Diaz Edits Book on Fate of Little Magazines

Joanne Diaz

June 15, 2015 

BLOOMINGTON, Ill.— The Little Magazine in Contemporary America (The University of Chicago Press, 2015) is a sort of love letter in Joanne Diaz’s 20-year relationship with literary magazines.

An associate professor of English at Illinois Wesleyan University, Diaz is co-editor of the new book, a collection of essays and reflections of 23 contributors or editors offering insight into the world of little magazines “during the most radical paradigm shift since the invention of movable type.” Ian Morris, founding editor of Fifth Star Press and a former managing editor at TriQuarterly, is co-editor.

As idiosyncratic, small-circulation outlets, little magazines have served the dual purposes of representing the avant-garde of literary expression while also helping many emerging writers become established authors. Major writers such as James Joyce, e.e. cummings, T.S. Eliot and Ezra Pound have had their most widely read works published in little magazines. The book also includes discussion of how little magazines’ editors promote the work of women and minority writers.

Diaz’s personal association with little magazines goes back to the editorship of Amanuensis, her Massachusetts high school’s literary magazine. Stints with Washington Square and Ploughshares led to a doctoral fellowship and assistant editorship at TriQuarterly, where she met Morris. After the fellowship ended, Diaz continued working for TriQuarterly until the print version of the magazine ended in 2010.

“I first developed an interest in little magazines for the same reason most editors do,” said Diaz. “Most of us want to be part of a writerly community and contribute to public discourse in some way. Even as a 16-year-old who knew nothing about little magazines, I understood their power.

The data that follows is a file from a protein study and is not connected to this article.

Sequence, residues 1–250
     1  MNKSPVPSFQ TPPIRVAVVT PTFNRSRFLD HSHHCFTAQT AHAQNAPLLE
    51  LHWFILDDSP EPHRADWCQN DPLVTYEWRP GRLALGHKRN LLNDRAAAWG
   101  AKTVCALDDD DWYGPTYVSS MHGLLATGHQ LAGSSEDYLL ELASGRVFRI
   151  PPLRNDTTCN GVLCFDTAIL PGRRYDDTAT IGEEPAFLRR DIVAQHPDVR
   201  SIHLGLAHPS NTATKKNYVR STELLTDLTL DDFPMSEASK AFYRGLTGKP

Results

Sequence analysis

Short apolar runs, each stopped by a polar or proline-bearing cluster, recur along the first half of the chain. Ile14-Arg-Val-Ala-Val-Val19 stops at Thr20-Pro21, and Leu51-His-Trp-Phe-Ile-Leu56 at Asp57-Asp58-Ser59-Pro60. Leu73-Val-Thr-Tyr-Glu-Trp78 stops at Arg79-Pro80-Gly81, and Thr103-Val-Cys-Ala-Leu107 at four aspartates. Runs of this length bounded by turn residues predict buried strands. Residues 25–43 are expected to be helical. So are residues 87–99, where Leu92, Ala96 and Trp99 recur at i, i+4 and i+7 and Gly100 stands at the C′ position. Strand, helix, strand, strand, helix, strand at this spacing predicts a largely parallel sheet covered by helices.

Book cover

“Each issue represents a series of aesthetic decisions on the part of the editorial staff,” she added. “Just as a curator selects objects for exhibit in a gallery or museum, so too do editors make important choices about how to share exciting new work with their readerships. The thrill of that enterprise has been one of the greatest pleasures of my life.”

Though changes in technology and “the increasingly harsh financial realities of publishing over the past three decades would seem to have pushed little magazines to the brink of extinction, their story is far more complicated,” according to the editors. The advent of globalization, smartphones and wireless technology might actually prove to be more help than hindrance to the future of little magazines, they write. For example, new online fiction magazine The Drum features free podcasts of writers reading their work. Tin House’s website features short films.

“In this way, readers can also become viewers of video content that stimulates and inspires, thus continuing the conversation that the magazine initiates,” the editors write.

Diaz said she hopes that readers of the book will recognize the need for little magazines and that they will subscribe to one.

“We writers want to be published in little magazines, but too few writers actually subscribe to one,” she said. “By subscribing to a little magazine, readers can get a sense of the editors’ priorities; of trends in style, form, and rhetorical approach; and of how literary tastes change over time. This is essential for the literary arts to thrive in our culture.”

Diaz is now interview editor for Spoon River Poetry Review, and the author of two collections of poetry, The Lessons and My Favorite Tyrants. She joined the faculty at Illinois Wesleyan in 2008 after earning a doctorate in English literature from Northwestern University. She is also the past recipient of writing fellowships from the Illinois Arts Council and the National Endowment for the Arts.